Uh.... well... how about YOU helping out, eh? I mean, seeing as how he was YOUR FATHER and all...
I can relate to that. My husband had open heart surgery two years ago and is on about a million meds, and I'm being treated for lung cancer for the second time. Like good responsible citizens, we made sure we had health insurance. But there's a lot that health insurance doesn't cover.
As an example, I would love to have a portable oxygen concentrator, but my policy has a $1000 annual lease limit on DME and I can't afford to pay to purchase one outright ($4000-$6000). But if I was on Medicaid, I could get the latest fanciest portable concentrator available and it wouldn't cost me a dime. I'm beginning to think it doesn't pay to be responsible.
This is what I am looking for in this thread. Would you answer a dopey question and tell us where to get a barrier mask? One should be in my glove box, no question about it.
screw that...I drive by all accident scenes
Maybe Michael Moore will take her to Cuba to get any additional health care FOR FREE!
What a deal! Man, I wanna live in Cuba! It *must* be like a paradise!
Of course she did the right thing. I think Vega's auto insurance should pay for her expenses.
People have separated themselves from paying for their own and their families’ medical bills so completely.
The right thing to do is rarely the least expensive thing to do. That aside, she should sue the estate.
Can you bellieve that? Thank you lawyers for your stupid law writing.
OMG, I show my dogs at Triple Crown.
Not her directly, but you can contact who appears to be her employer here:
Most of the places that sell uniforms or medical supplies carry them. I’ll see if I can find some links to on-line companies.
Yeah, chest compressions can cause internal injuries. You only do it if the person’s heart is stopped. Then the choice is between quick death or having a shot at revival with internal injuries from the CPR.
People have separated themselves from paying for their own and their families medical bills so completely.
This loaded statement of mine bears an addendum. When people who are willing to pay for their own equipment and meds find out the real cost, it is a shock. Much of the cost comes from others’ unpaid bills, and the inflated cost the insurance companies are willing to pay.
Of course. Thanks.
Because the one time in one thousand the test is wrong John F'n Edwards or one of his stand-ins will sue the medical company for malpractice and cost them half a million dollars defending themselves.
I forgot, her extension is #1109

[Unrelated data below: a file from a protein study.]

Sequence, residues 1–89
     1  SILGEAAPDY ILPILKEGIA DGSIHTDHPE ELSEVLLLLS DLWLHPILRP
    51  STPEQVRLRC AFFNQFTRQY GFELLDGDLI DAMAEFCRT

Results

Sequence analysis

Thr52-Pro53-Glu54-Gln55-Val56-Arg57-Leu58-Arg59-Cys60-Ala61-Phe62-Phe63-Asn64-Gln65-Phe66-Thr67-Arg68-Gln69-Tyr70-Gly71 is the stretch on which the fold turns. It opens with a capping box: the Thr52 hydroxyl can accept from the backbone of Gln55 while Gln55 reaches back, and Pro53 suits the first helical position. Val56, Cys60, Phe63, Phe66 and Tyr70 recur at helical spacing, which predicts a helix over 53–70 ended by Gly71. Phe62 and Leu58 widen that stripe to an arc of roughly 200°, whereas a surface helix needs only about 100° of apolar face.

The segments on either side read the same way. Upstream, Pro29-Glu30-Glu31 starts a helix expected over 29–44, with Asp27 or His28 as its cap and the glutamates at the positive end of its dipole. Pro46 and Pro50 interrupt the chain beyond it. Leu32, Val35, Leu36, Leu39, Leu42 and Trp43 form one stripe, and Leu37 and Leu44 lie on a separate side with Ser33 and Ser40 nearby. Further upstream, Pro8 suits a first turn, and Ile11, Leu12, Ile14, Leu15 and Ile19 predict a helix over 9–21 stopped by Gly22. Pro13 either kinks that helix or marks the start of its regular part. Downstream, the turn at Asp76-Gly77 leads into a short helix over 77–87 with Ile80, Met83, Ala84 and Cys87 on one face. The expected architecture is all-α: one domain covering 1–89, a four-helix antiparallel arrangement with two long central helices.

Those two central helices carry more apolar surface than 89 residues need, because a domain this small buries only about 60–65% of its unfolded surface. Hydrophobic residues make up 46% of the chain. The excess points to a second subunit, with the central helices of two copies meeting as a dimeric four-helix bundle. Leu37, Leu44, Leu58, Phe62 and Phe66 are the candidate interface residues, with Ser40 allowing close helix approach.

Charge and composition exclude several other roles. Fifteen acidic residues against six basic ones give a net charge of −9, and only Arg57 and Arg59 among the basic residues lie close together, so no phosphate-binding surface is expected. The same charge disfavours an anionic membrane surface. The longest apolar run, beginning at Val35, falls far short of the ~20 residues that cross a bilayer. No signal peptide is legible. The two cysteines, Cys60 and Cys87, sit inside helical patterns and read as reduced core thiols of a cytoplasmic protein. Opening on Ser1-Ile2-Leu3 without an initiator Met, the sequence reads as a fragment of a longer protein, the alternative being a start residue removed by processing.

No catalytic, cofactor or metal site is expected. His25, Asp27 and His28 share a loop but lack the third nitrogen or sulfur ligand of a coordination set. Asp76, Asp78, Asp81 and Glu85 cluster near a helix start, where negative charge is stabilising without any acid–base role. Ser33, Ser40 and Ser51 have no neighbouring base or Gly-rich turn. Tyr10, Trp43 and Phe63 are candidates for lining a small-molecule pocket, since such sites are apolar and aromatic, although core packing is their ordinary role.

The first thing to do is to ensure that the Airway is clear.
The second thing to do is to check for Breathing.
The third thing to do is to check Circulation.
You only administer Mouth-to-Mouth if the person is NOT BREATHING. And you only administer chest compressions if there is no blood circulation. If the person is gasping for breath, then the person is still breathing -- though with difficulty. You should try to eliminate or alleviate whatever is causing the difficulty in breathing. To simply try to force more air through an obstructed airway will not help matters and may actually cause more damage.
It doesn't take a doctor to know that. (I'm not one, but I remember enough of the CPR training that I had in middle school and high school over 25 years ago that I would at least know these basics.) If you would not have known the ABC's of CPR as I just explained them and how to apply them in an emergency, then I would recommend that you find a CPR course from your local YMCA or community center and take one ASAP and get your family members to take it along with you.
Well said CD.
How do you check circulation?
“I called 911 as I was walking up to him, and they walked me through the first steps of CPR and chest compressions,” Lee said.
Early in the story.
Presumably, if a person knows how to do chest compressions, they also remember that.
From the article: "I called 911 as I was walking up to him, and they walked me through the first steps of CPR and chest compressions," Lee said.
So it would seem that she got some bad advice from the 911 operator.
Check for a pulse.
So what is the amswer, decide if it’s better to save a life or is the expense going to be to much?
Gently find the carotid artery and lightly press it with your first or first and second fingers to feel for a pulse. You can also try the veins in the wrist, but the carotid artery is much easier to detect a pulse. NEVER use your thumb to try to check for a pulse because you will feel your own pulse rather than that of the victim.
And yet she attempted to do mouth-to-mouth breathing on someone who was already gasping for breath. This means that either she completely misunderstood what she was told by the 911 dispatcher or got very bad instructions.